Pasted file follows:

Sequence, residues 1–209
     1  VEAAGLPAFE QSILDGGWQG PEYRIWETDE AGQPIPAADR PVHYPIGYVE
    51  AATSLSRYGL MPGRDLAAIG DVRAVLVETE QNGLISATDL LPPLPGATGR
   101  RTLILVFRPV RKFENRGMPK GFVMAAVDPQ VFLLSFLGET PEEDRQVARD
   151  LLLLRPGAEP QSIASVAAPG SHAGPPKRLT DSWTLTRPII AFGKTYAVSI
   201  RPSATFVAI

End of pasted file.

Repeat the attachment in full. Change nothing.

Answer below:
Sequence, residues 1–209
     1  VEAAGLPAFE QSILDGGWQG PEYRIWETDE AGQPIPAADR PVHYPIGYVE
    51  AATSLSRYGL MPGRDLAAIG DVRAVLVETE QNGLISATDL LPPLPGATGR
   101  RTLILVFRPV RKFENRGMPK GFVMAAVDPQ VFLLSFLGET PEEDRQVARD
   151  LLLLRPGAEP QSIASVAAPG SHAGPPKRLT DSWTLTRPII AFGKTYAVSI
   201  RPSATFVAI